Nicolas Cage plays the Sorcerer and Jay Baruchel plays Mickey (if Mickey were playing Raising Arizona-era Nicolas Cage) in The Sorcerer’s Apprentice, a live-action adaptation, sorta, of that one segment from Fantasia.
Only, whereas that was whimsical and short, this is the opposite.
Back in ye olden times, Balthazar (Cage) and Horvath (Alfred Molina) were both sorcerers who were apprentices to Merlin (James A. Stephens). But there were betrayals, strong words (probably including “knave” and “dastardly”) and Horvath defected to Morgana (Alice Krige), a powerful sorceress. Morgana defeated Merlin but before she could carry out her villainous plans to take over the world, she was trapped in a wooden nesting doll with Veronica (Monica Bellucci), another Merlin acolyte. Over the centuries, Balthazar trapped other evil wizards in the doll, creating layer upon layer, until finally he trapped Balthazar. But then, in 2000, a young nerd named Dave (Jake Cherry) stumbled into Balthazar’s dusty antiques store and Balthazar realized he was the Prime Merlinian, which then had me trying to remember where the Prime Meridian was for a good chunk of the movie (Greenwich in the UK — through the Royal Observatory, should you be across the pond and looking for a geeky day trip).
The Prime Merlinian is not the point of 0 longitude but the sorcerer whose coming is foretold (isn’t it always) and who will possess the power to defeat Morgana once and for all. (Trapped in a doll is not permanent defeat — it’s a kind of Phantom Zone stasis.) Dave is that sorcerer, Balthazar decides after Merlin’s special dragon ring comes to life in Dave’s presence. But before any Hogwarts applications can be filled out, Dave accidentally breaks the outside layer of the nesting doll and frees Horvath. Traumatized by the ensuing attempts at smiting, Dave goes running out of the shop with crazy rants about wizards and quickly labels himself class freak. Meanwhile Balthazar and Horvath are trapped in yet another piece of antiquarian knick-knackery for 10 years. When they emerge, physics student Dave (Jay Baruchel) is in college and Balthazar must convince him to become his apprentice. Only with Dave’s help can Balthazar stop Horvath from unleashing Morgana and her plans for hell on earth.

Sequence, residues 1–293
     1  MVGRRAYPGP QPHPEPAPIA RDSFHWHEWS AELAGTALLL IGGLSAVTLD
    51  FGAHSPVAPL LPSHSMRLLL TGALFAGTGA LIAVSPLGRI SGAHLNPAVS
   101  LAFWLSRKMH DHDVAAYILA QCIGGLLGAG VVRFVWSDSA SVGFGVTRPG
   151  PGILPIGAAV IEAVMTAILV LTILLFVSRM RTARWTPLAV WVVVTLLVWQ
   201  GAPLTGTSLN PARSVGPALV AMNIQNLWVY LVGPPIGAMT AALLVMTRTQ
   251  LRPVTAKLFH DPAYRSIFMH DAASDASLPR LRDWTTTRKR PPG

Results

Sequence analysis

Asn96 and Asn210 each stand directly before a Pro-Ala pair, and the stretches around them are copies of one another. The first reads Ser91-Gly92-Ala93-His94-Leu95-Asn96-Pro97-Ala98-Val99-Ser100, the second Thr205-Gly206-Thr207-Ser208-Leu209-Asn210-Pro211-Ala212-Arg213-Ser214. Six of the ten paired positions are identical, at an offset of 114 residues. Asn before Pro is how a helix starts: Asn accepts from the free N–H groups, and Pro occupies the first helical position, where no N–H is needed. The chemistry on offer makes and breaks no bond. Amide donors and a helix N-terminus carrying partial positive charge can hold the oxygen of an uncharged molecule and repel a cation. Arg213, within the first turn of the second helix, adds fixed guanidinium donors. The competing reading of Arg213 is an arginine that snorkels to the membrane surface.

Also, Dave is trying to impress a girl — Becky (Teresa Palmer).
That a majority of the above plot summary is from the first 10 or so minutes should give you some sense of the significant amount of detail crammed into this story. Horvath and Balthazar have an additional layer of backstory that we come to find out and the movie also has a structure for its brand of magic — the vibration level of atoms and powers harnessed with hand waves and flamey circles that help give us several scenes of sorcery training. This much detail isn’t inherently bad — I’m not sure “sorcerers exist, as does magic” would be enough to carry such a story. But this is a lot of detail and backstory and mythology for a movie that ultimately isn’t particularly exciting or innovative. This isn’t The Last Airbender; The Sorcerer’s Apprentice isn’t a train wreck. It’s just strangely uneventful. Stuff explodes, stuff breaks, there are wizard-on-wizard fights to rival the Harry Potter movies — but it all felt rather lukewarm. The story works OK enough for me to follow it, just not quite well enough for me to care.
This feeling of “eh” extends to the characters as well. Baruchel is kind of fun — whether intentionally or not, the movie does a few cute visual things that bring to mind both apprentice Mickey Mouse and a young Nicolas Cage. And though an aggressive whiner, he isn’t an annoying reluctant hero — he may actually be one of the better nerd-as-badass creations in a while. But he doesn’t exactly shine either — something about both his and Cage’s performance is just a little too twitchy, too goofy.
Molina could show up and play a decent villain with five minutes notice — it looks like he got maybe six minutes here. His Horvath gets his own apprentice about halfway through the movie — a David Blaine-ish stage magician named Drake Stone (Toby Kebbell). The movie has a bit of fun with him but then lets it drop. It feels like any time the movie approaches some original moment of cleverness it lets go.
This isn’t a horrible kid (older kid, probably, at least 8 and up I’m guessing) adventure, but nearly two hours of CGI plasma balls and glowy dragon rings still doesn’t provide as much artistry as the cartoon short. C
Rated PG for fantasy action violence, some mild rude humor and brief language. Directed by Jon Turteltaub and written by Lawrence Konner, Mark Rosenthal, Matt Lopez, Doug Miro and Carlo Bernard, The Sorcerer’s Apprentice is an hour and 51 minutes long and distributed in wide release by Walt Disney Pictures.